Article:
1. Ove (from A Man Called Ove by Fredrik Backman)
Ove is from a different time. He values hard work, rules, and consistency-and never hesitates to tell you he hates everything else. As the story progresses, we see flashbacks from Ove's tortured past and realize he has no reason to think otherwise. Yet we don't pity Ove-we just want to give him a hug and adopt him as our grandpa.
"Ove couldn't give a damn about people jogging. What he can't understand is why they have to make such a big thing of it. With those smug smiles on their faces, as if they were out there curing pulmonary emphysema. Either they walk fast or they run slowly, that's what joggers do. It's a forty-year-old man's way of telling the world that he can't do anything right. Is it really necessary to dress up as a fourteen-year-old Romanian gymnast in order to be able to do it? Or the Olympic tobogganing team? Just because one shuffles aimlessly around the block for three quarters of an hour?" -- A Man Called Ove
2. Jaime Lannister (from Game of Thrones series by George R.R. Martin)
The whole sprawling series begins with Jaime shoving a child out a tower window all nonchalant. And you keep hating Jaime throughout the whole show, until all of a sudden, you don't. The loss of limb? The great haircut? There isn't one definitive moment in which you realize you love Jaime, you just find yourself caring for the man who uses a bully mask to hide his sensitivity and insecurity. Swoon(?)
3. A.J. Fickry (from The Storied Life of A.J. Fickry by Gabrielle Zevin)
"I do not like postmodernism, postapocalyptic settings, postmortem narrators, or magic realism. I rarely respond to supposedly clever formal devices, multiple fonts, pictures where they shouldn't be -- basically, gimmicks of any kind. I find literary fiction about the Holocaust or any other major world tragedy to be distasteful -- nonfiction only, please. I do not like genre mash-ups à la the literary detective novel or the literary fantasy. Literary should be literary, and genre should be genre, and crossbreeding rarely results in anything satisfying. I do not like children's books, especially ones with orphans, and I prefer not to clutter my shelves with young adult. I do not like anything over four hundred pages or under one hundred fifty pages. I am repulsed by ghostwritten novels by reality television stars, celebrity picture books, sports memoirs, movie tie-in editions, novelty items, and -- I imagine this goes without saying -- vampires." - A.J. Fikry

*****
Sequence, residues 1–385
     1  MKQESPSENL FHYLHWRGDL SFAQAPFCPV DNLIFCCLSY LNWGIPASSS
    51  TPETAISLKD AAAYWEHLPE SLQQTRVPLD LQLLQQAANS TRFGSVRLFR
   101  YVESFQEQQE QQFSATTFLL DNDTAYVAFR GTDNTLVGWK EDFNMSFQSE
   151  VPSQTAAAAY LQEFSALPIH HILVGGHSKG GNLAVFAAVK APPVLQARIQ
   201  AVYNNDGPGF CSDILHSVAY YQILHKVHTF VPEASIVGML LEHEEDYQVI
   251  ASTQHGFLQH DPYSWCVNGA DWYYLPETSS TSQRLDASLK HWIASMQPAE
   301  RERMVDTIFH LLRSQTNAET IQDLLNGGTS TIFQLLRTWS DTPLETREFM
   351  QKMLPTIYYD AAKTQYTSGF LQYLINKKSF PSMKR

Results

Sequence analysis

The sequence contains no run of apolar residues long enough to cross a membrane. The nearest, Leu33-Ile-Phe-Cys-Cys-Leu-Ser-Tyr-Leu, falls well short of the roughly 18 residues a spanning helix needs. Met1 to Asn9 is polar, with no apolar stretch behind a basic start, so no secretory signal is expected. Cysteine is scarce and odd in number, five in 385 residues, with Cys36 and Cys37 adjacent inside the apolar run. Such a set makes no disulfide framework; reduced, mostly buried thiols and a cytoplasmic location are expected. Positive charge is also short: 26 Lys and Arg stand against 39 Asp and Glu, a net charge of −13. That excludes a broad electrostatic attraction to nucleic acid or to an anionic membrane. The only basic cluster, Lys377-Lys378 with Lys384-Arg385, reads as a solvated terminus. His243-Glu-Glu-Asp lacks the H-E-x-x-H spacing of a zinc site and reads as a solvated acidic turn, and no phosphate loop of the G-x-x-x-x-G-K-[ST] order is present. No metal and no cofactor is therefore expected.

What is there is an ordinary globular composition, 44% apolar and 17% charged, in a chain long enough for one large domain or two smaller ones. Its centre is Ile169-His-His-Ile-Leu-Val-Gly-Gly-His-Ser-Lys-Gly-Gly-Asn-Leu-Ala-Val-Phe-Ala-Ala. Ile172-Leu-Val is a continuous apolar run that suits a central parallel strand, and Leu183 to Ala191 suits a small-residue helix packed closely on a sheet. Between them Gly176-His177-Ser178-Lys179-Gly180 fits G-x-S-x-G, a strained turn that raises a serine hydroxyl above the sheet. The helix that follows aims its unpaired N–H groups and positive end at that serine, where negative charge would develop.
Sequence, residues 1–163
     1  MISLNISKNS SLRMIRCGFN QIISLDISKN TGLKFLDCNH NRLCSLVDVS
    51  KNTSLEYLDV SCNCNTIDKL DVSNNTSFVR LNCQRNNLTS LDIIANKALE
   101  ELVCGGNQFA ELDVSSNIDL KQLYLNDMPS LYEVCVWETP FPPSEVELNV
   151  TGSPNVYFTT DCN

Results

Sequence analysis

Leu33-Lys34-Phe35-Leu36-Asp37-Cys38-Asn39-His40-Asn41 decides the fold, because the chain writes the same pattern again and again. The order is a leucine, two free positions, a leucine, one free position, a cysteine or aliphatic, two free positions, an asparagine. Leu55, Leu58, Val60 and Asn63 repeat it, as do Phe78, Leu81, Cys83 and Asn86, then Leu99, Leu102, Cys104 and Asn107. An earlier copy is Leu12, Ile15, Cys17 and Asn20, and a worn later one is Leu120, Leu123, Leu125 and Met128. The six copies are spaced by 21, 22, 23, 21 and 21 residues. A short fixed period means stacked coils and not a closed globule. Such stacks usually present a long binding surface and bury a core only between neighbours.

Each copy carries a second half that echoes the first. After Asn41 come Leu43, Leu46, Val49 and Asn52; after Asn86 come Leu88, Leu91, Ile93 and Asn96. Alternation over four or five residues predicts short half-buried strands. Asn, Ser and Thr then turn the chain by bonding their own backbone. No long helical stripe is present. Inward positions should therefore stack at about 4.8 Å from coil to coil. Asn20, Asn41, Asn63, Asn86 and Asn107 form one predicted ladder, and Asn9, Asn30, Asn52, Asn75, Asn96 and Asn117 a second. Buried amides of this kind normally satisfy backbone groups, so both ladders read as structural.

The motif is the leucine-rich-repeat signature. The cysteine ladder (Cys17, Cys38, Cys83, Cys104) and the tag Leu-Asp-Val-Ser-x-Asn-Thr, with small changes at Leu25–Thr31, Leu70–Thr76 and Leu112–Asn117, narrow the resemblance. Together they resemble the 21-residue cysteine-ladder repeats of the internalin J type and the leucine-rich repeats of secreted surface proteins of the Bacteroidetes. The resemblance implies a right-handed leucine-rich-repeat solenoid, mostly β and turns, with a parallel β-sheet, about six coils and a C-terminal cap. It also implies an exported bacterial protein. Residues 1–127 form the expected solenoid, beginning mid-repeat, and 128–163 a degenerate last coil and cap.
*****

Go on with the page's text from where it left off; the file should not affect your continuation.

We book nerds find A.J. particularly hilarious-mostly because we've all bashed commercial fiction at some point or another. But we've all read and loved some too. But when A.J. finds a little girl abandoned in his book shop, his mind opens.
4. Joe Ransom (from Joe by Larry Brown)
Like the overwhelming majority of Rough South Lit protagonists, ex-con Joe Ransom cares for his dog, his booze, his pickup truck, and little else, until fifteen-year-old Gary Jones crosses his path looking for work to support his impoverished family. As Joe takes Gary under his wing-teaching him to drive, giving Gary his first sips of alcohol, telling him about the Birds and the Bees (to put it lightly)-Joe not only becomes a father figure to Gary, but also an unlikely force of justice in the small southern town. Break out the foam fingers because you'll find yourself rooting for Joe Ransom despite his hard exterior.
5. Renée and Paloma (from The Elegance of the Hedgehog by Muriel Barbery)
Renée is the bitter, middle-aged concierge at a high-end Parisian apartment complex in which Paloma, her twelve-year-old kindred spirit, lives with her very wealthy family. The chapters alternate between Renée and Paloma's first-person perspectives on their loathing for Bougie Paris. These highly intellectual characters hate pretty much everything-until they find people with whom they connect. You'll laugh, you'll cry, you'll have an existential crisis about the relationship between movement and space. But most of all, you'll fall head over heels for these heart-wrenching misanthropists.